Next, prepare a package containing detailed information about your project, but don’t include your entire manuscript, and don’t immediately send it! What I have found works well is a PDF containing:

  • 1-page mission statement describing your book’s “big idea,” it’s intended market, and a brief statement of reader benefits.
  • Detailed table of contents, with primary and secondary headings.
  • 2 sample chapters.

Experts are busy; avoid information overkill. Send the minimum needed to communicate the quality of your project. If the recipient wants to see more, they’ll let you know!

In your initial communication, be as concise and polite as possible as you explain why you’re contacting them. Reference their article, book, blog, or speech. Describe its relevance to your book.

Conclude by asking their permission to send them more information about your project, and ask them if they prefer an electronic PDF file or printed copies.

If they express interest, send your information package as soon as possible. (That’s why you want to prepare it before you contact them.) The goal of your initial communication is to get them to agree to taking a look at your materials, not to immediately generate a suitable endorsement. Remember: you’re asking a favor, and a significant one; you’re asking them to put their seal of approval on your book.

Step 3: Follow-up and track the results

Don’t despair if you do not immediately receive a response to your initial communication. Never assume a lack of response is a rejection.

Instead, allow a week, or 10 days, to go by before you re-contact them. Send a follow-up e-mail, and- -again- -keep it as short as possible.

Persistence pays off! Keep on their radar scope with short, relevant, e-mails at consistent intervals. It may take several e-mails, but, that’s okay! The expert may be traveling, on deadline, or on jury duty, only responding to e-mails from recognized clients or peers.

Eventually, however, the pressure will go away. At that point, they may go through their unopened e-mail and be intrigued enough by your persistence to respond favorably to your request for permission to send them information and samples from your book.

Indeed, they may even pick-up the phone and call you, to find out who’s the person behind the e-mail!

Visit my Active Garage resource center, where you can download a worksheets for expert networking, and previous Author Journey topics

Selling when you’re not there

by Wayne Turmel on December 18, 2009

selling when not thereThere’s been a lot of research done about how customers- especially B2B customers- buy online.  The difference could mean a lot of money to your company and make your sales force’s jobs easier.  The good news is it means less work for you and your sales people if you do it right.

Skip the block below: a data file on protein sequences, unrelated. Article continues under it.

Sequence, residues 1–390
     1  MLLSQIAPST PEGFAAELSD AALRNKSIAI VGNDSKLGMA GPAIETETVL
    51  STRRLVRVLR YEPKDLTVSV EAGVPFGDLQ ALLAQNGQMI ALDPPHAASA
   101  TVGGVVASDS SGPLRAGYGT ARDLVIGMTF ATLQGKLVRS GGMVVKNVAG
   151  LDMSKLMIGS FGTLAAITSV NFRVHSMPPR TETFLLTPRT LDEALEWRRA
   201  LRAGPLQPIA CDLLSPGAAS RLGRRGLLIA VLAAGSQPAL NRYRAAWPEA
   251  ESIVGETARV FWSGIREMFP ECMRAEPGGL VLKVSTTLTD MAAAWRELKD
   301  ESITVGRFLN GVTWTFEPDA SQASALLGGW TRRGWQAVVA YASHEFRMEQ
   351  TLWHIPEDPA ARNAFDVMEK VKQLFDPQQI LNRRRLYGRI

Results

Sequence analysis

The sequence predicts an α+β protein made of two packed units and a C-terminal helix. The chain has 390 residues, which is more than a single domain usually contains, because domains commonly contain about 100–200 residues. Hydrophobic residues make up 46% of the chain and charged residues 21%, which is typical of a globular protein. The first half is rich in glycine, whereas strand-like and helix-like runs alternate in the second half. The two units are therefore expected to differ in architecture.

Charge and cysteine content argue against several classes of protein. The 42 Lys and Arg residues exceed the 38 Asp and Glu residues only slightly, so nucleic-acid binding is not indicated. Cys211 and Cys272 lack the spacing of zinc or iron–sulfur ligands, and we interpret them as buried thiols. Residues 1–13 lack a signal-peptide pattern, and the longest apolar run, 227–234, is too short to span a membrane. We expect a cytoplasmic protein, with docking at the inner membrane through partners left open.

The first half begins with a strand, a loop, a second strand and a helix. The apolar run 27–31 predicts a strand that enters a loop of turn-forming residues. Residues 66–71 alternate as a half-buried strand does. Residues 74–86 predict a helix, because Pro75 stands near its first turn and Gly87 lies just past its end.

The problem is that many companies are still locked in last century’s sales thinking. That model was: hook them early in the sales cycle and get them to commit to a demo as early as possible. This webinar, usually delivered by a Subject Matter Expert, assumed they were starting at Square One. This doesn’t fit the way they want to buy from you now. They want to meet you armed with research and get their questions answered by someone (your sales person) who can help them buy.

Not surprisingly, companies are acting much like you and I do when we shop. CFOs and Purchasers (well, actually their underpaid and overworked assistants) are spending a lot of time cruising websites and shortening their list of prospective vendors. Only when they have a pretty good idea of the features they’re looking for- not to mention the approximate price and how you compare to the competition- will they  ask for a demo or to speak to a sales rep.

The implications of this are pretty profound:

  • Metrics matter Take a good look at your website’s analytics. When are people visiting your site? (if it’s a lot of after hours, you’re getting shopped out).What are they looking at? How long do they stay? How many take the next step to ask for contact with your reps?
  • Make sure you have something to measure If they’re not staying long, they aren’t finding what they are looking for, which is enough information to qualify you as a prospective vendor. The more information you provide (video demos, pre-recorded webinars, articles and industry research) the more they will look at you as an expert and a resource. This can only help.
  • You’d better know what your customers think they know Just because they’ve clicked the “schedule a demo” button doesn’t mean that’s what they need.  It’s critical that whoever they talk to next ask questions about what they have already read or seen (they don’t want to sit through redundant information) and where they are in the sales process (are you talking to the buyer who will need different information than someone doing the screening for them?). All of this means…
  • The people who demo need to be (or at least think and present like) sales people Many companies use “sales engineers” or Subject Matter Experts to do the demos to customers, which is fine (obviously you need someone who knows what they’re doing, and that isn’t always the sales person of record) but their job is not solely to demonstrate functions and features. They need to ask the questions that qualify the prospect, identify where they are in the sales process and move them through the sales cycle.  What are you doing to help prepare them for that role?

Does your website reflect this new buying reality? What are you doing to help customers move themselves as far along the sales cycle as possible, and what are you doing to help your SMEs and sales people bring them the rest of the way?